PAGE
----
No Half-Steppin’ Here — FullStep Tackles Manufacturing-Centric Procurement in Spain/Beyond (Part 2)

Please click here for the first post in this series.

In continuing our analysis of FullStep from late last year, we'll turn our attention to exploring how this Spain-based spend management suite vendor (currently expanding into North, Central and South America) has tailored its set of solutions for a manufacturing environment, including the middle market, where a general lack of technology, resources and cross-facility collaboration often hinders the potential for direct materials sourcing and vendor management savings programs. To review FulllStep's general breadth and capabilities, be sure to keep these items in mind:

  • FullStep maintains a surprisingly broad footprint inclusive of supplier information management/supplier performance management (SIM/SPM), spend analysis, T&E, eProcurement, e-sourcing, contract management and project management. Their depth in certain areas is undoubtedly stronger than others, but in numerous demonstrations and a key reference checks, we were surprised to learn about the full coverage of their suite capability and how customers were putting it into use.
  • While much of their UI is old school (to put it politely) in the more advanced areas of the suite, the level of depth and capability exposed through a browser with FullStep is specifically designed for complex, cross-facility manufacturing environments. In other words, don't expect a generic spend management or sourcing toolset here, but rather one that's built specifically for discrete manufacturing, CPG, food and related environments. However, from a UI perspective in certain areas, FullStep has told us to expect a forthcoming redesign that simplifies the user experience.
  • Because FullStep is built as a platform tool to deliver significant levels of configuration (including complex and varied workflows for sourcing, requisition approvals, contract management, supplier management, etc.) it's possible to highly tailor their applications to a manufacturing environment at a fraction of the cost that traditional enterprise software code-level customization would require.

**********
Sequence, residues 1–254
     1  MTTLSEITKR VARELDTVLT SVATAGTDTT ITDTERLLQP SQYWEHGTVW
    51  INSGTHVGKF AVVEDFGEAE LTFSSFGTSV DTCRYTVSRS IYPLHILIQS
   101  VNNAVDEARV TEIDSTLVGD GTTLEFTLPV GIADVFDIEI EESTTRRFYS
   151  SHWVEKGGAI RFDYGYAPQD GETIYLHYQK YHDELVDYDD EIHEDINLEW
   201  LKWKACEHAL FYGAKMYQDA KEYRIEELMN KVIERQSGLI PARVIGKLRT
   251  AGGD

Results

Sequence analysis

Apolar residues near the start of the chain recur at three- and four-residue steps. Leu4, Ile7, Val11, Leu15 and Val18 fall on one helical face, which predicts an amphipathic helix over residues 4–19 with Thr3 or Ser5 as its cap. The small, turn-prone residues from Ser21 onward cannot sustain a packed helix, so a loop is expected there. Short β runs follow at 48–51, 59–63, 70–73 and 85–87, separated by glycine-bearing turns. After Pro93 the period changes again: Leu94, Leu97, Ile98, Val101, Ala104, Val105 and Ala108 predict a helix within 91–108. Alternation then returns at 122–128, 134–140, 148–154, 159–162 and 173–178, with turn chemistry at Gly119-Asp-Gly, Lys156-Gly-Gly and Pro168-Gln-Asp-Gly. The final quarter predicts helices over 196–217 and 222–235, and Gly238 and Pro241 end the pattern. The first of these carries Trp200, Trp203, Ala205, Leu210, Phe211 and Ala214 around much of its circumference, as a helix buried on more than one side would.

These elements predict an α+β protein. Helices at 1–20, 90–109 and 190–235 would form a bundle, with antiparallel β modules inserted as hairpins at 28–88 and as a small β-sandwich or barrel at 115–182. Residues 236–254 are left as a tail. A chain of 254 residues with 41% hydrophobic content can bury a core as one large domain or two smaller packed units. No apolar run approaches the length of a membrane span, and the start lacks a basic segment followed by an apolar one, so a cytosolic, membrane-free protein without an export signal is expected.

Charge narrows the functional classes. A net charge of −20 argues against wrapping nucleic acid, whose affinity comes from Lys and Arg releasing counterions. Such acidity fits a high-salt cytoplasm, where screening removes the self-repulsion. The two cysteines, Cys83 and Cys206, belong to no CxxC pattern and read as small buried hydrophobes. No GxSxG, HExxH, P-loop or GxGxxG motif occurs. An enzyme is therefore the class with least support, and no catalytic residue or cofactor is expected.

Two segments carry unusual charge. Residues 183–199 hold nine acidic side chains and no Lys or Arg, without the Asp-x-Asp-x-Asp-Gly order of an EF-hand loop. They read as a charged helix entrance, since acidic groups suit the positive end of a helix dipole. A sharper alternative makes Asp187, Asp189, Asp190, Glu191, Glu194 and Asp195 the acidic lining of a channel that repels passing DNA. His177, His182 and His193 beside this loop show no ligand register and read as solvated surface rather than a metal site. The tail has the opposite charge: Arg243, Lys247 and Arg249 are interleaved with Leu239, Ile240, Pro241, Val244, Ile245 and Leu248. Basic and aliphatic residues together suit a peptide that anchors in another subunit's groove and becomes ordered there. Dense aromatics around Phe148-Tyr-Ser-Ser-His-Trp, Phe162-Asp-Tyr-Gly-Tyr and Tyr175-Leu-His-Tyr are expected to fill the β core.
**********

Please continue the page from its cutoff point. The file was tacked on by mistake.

• FullStep is willing to adjust its deployment and pricing models for the middle market, including combining consulting -- from manufacturing materials management quality and process optimization to e-sourcing event management -- and configuration/deployment services which we found to be priced very aggressively based on what they shared (in comparison to other vendors and consultancies). The organization's roots as a services firm, originally, certainly hint at the focus on delivering solutions rather than just software (for those wanting to have a debate on this topic, we could argue both positives and negatives to this approach in general, but for the middle market, we are generally inclined to favor a solutions-driven background).

In looking at FullStep's capabilities, we were particularly struck by the level of depth they've brought to the quality and compliance areas, including the ability to support both basic and advanced scorecarding and performance management scenarios. For example, users can measure objective and systems-based metrics such as non-conforming parts/items or incidents and then track and measure supplier responsiveness. Subjective metrics, such as survey responses from internal stakeholders, can also be included in a performance and quality roll-up snapshot. Manufacturers can also use FullStep to monitor supplier documentation and certification data (e.g, ISO, TSA, FDA, AIB) and automate the collection of information and communication with suppliers in a similar manner of pure-play supplier information management (SIM) solutions. FullStep can do this at a price point that is significantly lower than other solutions we've seen in the market (and it's tailored specifically at a manufacturing environment)!

In larger manufacturing organizations, FullStep often deploys these capabilities after focusing on process and operations improvement from a consultative perspective. This can of course lead to configurations that can mirror complex buying processes across facilities and geographies (an environment in which they excel), leading to the opportunity to aggregate spend and better manage common suppliers across distributed production operations.

Stay tuned as our analysis of FullStep continues.

- Jason Busch

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